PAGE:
Roger walks the length of a grove maintained by regular mowing and root pruning done twice a year. This privacy screen cover nearly one eight of a mile in length.
A perfect bamboo screen. 

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Root Pruning

Roots or rhizomes can be cut to prevent bamboo from spreading. This method can be used when bamboo has been planted close to a property line. Using this method can help prevent rhizomes from traveling into undesired areas. If the rhizomes can't establish themselves in unwanted areas, they cannot produce canes there.
An open trench is established

A trench is dug 12 - 18 inches deep and about 12 inches wide. Bamboo root are superficial and are usually found in the first 12" of topsoil.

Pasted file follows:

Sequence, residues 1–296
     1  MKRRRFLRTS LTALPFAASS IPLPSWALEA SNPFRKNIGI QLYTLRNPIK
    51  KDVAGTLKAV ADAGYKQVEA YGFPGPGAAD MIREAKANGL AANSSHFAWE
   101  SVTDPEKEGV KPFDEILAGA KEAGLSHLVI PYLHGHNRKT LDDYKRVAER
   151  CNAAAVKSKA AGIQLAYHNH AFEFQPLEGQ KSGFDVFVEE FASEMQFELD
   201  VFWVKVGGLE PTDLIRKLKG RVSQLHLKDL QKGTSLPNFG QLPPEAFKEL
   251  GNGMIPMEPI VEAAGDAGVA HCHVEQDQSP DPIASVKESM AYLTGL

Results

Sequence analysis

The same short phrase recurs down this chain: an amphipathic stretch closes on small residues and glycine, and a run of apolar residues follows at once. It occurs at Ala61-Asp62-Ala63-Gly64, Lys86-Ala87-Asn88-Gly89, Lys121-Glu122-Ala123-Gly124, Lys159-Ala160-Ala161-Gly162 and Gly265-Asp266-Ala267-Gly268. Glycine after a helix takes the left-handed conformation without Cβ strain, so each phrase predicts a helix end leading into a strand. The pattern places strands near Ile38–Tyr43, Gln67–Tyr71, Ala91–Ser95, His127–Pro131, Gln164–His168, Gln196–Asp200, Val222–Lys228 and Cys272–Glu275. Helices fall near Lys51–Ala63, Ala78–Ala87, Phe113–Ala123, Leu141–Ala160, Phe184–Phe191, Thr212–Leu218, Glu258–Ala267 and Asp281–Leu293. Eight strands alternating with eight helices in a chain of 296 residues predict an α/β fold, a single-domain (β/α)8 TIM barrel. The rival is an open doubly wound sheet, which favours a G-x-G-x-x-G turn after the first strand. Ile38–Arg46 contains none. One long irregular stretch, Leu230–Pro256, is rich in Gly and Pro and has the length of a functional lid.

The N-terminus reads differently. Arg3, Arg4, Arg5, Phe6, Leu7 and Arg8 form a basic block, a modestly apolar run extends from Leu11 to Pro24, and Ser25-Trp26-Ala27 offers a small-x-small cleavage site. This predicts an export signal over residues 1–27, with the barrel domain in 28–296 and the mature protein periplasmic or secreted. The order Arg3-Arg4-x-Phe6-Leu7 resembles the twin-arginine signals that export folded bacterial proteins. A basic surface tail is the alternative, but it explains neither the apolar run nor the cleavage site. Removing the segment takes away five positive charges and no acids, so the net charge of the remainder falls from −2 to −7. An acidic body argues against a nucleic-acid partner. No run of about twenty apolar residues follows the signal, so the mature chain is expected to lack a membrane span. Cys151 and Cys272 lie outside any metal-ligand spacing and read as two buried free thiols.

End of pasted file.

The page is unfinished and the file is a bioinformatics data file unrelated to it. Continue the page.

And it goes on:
Inspect regularly for rhizome growth

Twice during the Summer and Fall we check for rhizomes' growth into the open area.
Gayle is about to snip the 1/2 inch rhizome

Remove rhizome growth.

Hand pruners or spades can be used to easily cut off the rhizomes as they emerge into the trench.

Maintaining an open trench in your yard can be dangerous so make sure that is properly marked or isolated.

Here it is cut away
You can also get similar results by root pruning with a spade. This is done by overlapping each cut. Just push the spade into the ground and remove it. Go all around the area that you want the bamboo to remain inside. This cuts the roots and keeps the bamboo in check. It is a simple method and will work if done correctly twice a year, mid to late summer and in the fall. This is a great way to control bamboo in the hard to mow areas.

The pruned rhizome will not grow straight out any more, but will branch off and the rhizomes will then be within the trenched area.

The privacy screen will therefore be formed along the line you root prune.
This is a good example of a  
a bamboo division that to 
most gardeners would appear 
to be doing nothing. However, 
underground it was about to  
explode with many shoots the